‘One of psychology’s unsung gifts to the world is evidence-based advice on how to understand and remember material. Dr. Penn’s book is an excellent invitation to these fascinating and enormously practical discoveries.’ 

Steven Pinker, Johnstone Professor of Psychology, Harvard University, and the author of How the Mind Works and Enlightenment Now.


'The Psychology of Effective Studying: How to Succeed in your Degree' is an accessible, entertaining and evidence-based guide to how you can use research in psychology to:

  • Make studying more effective and enjoyable

  • Stop procrastinating

  • Achieve better grades in your coursework and examinations

  • Become a better presenter

  • Collaborate more efficiently with others


Buy your copy of ‘The Psychology of Effective Studying: How to Succeed in Your Degree’ today

Visit the            channel for the Psychology of Effective Studying for free advice.




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‘Imagine the ideal academic advisor, who knows all of the tricks of the trade and is happy to take the time to guide you. Now make that advisor not only deep and wise, but also very funny. If such an advisor exists, it is probably Dr. Penn. This book is a marvelous tutorial on how to succeed as a student and scholar ... I recommend it with enormous enthusiasm.’ 

Professor Stephen M. Kosslyn, President and CEO of Foundry College and former founding dean and Chief Academic Officer of the Minerva Schools at the Keck Graduate Institute.

Chapter summary:

Chapter 1. Introduction: Metacognition: the foundation of successful studying (or at least how to avoid being ‘that person’ on the TV talent show) 

Chapter 2. Conquering Procrastination: Why it's so hard to DO IT. JUST DO IT!

Chapter 3. Academic reading and note-taking: what we can all learn from 50 Shades of Grey

Chapter 4. Integrity, citation, quotation and referencing: Credit where credit is due 

Chapter 5. Producing high quality written assessments at degree level: it doesn't have to be rocket science, even if you’re studying rocket science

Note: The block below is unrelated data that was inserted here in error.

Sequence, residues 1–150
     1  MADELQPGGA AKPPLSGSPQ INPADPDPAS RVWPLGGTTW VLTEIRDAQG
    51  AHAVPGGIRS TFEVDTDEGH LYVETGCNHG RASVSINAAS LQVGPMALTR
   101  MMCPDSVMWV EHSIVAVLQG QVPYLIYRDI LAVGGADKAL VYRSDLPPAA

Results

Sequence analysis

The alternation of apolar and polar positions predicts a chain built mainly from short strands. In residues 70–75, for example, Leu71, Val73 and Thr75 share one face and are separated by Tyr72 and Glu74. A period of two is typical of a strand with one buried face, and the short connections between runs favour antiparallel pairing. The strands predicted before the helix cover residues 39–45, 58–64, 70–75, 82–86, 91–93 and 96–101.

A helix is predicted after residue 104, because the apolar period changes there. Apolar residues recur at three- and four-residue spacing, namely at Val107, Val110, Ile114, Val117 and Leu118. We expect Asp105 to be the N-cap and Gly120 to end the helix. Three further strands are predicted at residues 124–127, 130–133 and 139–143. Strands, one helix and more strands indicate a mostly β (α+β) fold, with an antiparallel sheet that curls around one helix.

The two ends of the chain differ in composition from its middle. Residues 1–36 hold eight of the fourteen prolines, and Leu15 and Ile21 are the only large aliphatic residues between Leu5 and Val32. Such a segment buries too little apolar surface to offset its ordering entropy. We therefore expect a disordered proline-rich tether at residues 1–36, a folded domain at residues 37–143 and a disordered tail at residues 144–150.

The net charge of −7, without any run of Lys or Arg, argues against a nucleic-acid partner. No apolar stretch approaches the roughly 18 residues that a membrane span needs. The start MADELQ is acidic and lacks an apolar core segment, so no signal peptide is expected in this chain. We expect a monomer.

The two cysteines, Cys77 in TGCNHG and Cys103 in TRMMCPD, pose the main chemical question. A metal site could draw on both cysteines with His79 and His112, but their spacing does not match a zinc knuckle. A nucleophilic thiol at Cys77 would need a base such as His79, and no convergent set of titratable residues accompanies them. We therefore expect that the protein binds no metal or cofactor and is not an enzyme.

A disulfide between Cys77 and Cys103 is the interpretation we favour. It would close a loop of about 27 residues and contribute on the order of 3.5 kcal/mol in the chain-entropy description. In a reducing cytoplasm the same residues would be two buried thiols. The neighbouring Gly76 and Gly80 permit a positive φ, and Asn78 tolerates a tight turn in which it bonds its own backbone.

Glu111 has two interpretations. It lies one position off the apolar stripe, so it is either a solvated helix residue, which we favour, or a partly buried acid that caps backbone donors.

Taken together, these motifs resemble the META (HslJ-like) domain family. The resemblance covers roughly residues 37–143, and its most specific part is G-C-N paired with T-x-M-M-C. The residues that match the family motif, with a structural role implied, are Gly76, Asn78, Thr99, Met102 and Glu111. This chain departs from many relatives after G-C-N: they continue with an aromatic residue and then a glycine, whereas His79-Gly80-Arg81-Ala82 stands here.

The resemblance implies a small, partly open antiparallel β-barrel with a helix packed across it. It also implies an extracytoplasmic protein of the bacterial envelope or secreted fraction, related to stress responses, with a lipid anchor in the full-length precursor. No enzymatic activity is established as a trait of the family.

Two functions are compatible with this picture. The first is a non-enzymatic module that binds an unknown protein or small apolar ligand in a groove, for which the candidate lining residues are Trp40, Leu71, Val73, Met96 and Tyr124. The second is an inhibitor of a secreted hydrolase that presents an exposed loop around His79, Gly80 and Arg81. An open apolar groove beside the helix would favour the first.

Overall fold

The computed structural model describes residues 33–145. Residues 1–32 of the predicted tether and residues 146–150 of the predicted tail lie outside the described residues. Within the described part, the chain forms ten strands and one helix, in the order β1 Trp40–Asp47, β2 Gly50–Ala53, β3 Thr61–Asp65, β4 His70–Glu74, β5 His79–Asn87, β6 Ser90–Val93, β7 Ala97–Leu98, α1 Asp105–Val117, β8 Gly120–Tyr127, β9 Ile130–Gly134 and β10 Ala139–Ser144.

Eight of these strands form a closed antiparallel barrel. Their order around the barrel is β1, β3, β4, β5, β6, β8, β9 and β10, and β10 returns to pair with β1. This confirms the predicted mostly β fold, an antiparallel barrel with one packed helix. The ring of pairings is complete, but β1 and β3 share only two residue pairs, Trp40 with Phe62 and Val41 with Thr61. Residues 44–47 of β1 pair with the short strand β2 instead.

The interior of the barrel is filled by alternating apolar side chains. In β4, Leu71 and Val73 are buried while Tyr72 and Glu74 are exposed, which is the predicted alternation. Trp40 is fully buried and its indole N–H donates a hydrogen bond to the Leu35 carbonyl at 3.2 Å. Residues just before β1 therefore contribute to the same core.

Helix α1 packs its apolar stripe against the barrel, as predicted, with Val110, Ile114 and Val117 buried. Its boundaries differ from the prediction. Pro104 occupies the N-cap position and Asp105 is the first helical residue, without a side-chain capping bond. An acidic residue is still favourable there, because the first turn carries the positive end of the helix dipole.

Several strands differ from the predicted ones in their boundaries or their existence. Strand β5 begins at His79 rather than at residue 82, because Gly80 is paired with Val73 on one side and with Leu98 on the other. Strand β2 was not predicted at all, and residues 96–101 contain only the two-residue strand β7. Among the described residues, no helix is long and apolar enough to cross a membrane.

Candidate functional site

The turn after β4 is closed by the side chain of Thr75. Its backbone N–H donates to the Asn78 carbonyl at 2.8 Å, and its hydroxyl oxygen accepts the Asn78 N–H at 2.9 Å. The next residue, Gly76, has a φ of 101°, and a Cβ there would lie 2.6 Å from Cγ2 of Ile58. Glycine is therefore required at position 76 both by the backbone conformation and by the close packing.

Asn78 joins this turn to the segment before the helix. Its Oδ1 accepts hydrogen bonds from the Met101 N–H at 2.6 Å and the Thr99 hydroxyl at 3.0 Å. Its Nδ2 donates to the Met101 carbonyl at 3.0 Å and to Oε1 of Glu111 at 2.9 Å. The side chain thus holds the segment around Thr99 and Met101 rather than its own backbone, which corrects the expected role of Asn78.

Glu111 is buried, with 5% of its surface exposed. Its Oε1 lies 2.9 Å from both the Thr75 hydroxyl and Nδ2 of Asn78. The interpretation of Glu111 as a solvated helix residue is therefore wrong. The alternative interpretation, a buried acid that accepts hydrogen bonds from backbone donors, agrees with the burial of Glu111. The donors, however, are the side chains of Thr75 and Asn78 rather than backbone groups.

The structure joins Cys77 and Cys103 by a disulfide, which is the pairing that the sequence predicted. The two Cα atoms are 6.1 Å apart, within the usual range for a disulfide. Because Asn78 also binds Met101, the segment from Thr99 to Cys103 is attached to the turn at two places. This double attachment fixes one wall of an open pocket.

Chapter 6. Working collaboratively: There is no ‘I’ in team, but there is an ‘I’ in "I really hate teamwork"


Chapter 7. How to deliver an effective presentation: It’s not about you 

Chapter 8. Revision: Cleaning up a dirty word

Click here to read chapter one of the Psychology of Effective Studying by using the 'Look inside' feature on Amazon











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"This is a cracking book: it's an irreverent but thereby very helpful book for everyone studying within Higher Education, which by addressing readers directly and conversationally, while covering (and referencing) all the key concepts an undergraduate would need brings the subject to life. I will buy it for all the prospective undergraduates in my family."  

Professor Sally Brown. Emerita  professor, Leeds Beckett University and Independent consultant


About the Author:

Paul has spent his working life helping people to study and communicate more effectively. He studied for a BSc (Hons) in Psychology at the University of East London (UEL) between 1995-1998. He then joined the University of Hertfordshire to study for a Ph.D between 1998 and 2002. In 2003 Paul returned to UEL to take up a post as a research fellow in Psychology. In 2007, he obtained a PGCert in Learning and Teaching in Higher Education and developed a keen interest in lecturing. He is currently a Senior Lecturer in Psychology at the University of East London and teaches a variety of topics at undergraduate and postgraduate level. 


Paul maintains an active interest in both research on learning and teaching and the communication of psychology to the general public. Paul is a Chartered Psychologist, Chartered Scientist and member of the British Psychological Society’s Division of Academic, Researchers and Teachers in Psychology. He is also a fellow of the Higher Education Academy.

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‘In a way that is lively, provocative, and even entertaining, the author provides students with an easily digestible guide to what cognitive-science research has to say about how to study―and why that differs so markedly from how students typically think they should study.’ 

Robert A. Bjork. Distinguished Research Professor. University of California, Los Angeles. Past President, Association for Psychological Science